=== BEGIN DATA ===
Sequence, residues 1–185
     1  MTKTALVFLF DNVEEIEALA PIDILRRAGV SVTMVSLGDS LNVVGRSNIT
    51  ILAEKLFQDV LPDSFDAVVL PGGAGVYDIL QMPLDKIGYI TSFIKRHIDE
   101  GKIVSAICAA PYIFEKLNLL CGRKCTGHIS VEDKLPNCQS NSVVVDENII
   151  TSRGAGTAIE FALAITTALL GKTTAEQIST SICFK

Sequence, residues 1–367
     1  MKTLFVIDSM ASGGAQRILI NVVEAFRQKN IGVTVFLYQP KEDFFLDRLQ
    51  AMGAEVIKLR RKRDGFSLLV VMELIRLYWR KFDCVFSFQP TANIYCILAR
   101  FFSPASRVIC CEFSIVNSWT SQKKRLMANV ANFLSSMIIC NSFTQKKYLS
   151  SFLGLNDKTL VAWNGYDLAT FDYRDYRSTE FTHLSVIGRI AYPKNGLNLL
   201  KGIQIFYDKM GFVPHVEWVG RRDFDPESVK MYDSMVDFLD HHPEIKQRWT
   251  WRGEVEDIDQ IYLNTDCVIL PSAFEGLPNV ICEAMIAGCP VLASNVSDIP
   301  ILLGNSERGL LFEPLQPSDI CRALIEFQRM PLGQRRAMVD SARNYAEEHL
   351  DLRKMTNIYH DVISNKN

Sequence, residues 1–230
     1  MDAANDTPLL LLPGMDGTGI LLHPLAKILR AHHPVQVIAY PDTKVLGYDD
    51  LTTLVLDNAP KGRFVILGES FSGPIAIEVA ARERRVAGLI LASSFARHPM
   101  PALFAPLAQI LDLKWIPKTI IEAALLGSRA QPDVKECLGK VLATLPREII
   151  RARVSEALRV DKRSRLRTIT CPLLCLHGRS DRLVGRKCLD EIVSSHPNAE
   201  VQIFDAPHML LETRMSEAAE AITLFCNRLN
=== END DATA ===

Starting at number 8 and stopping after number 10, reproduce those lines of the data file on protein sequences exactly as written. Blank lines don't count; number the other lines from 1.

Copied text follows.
    51  AMGAEVIKLR RKRDGFSLLV VMELIRLYWR KFDCVFSFQP TANIYCILAR
   101  FFSPASRVIC CEFSIVNSWT SQKKRLMANV ANFLSSMIIC NSFTQKKYLS
   151  SFLGLNDKTL VAWNGYDLAT FDYRDYRSTE FTHLSVIGRI AYPKNGLNLL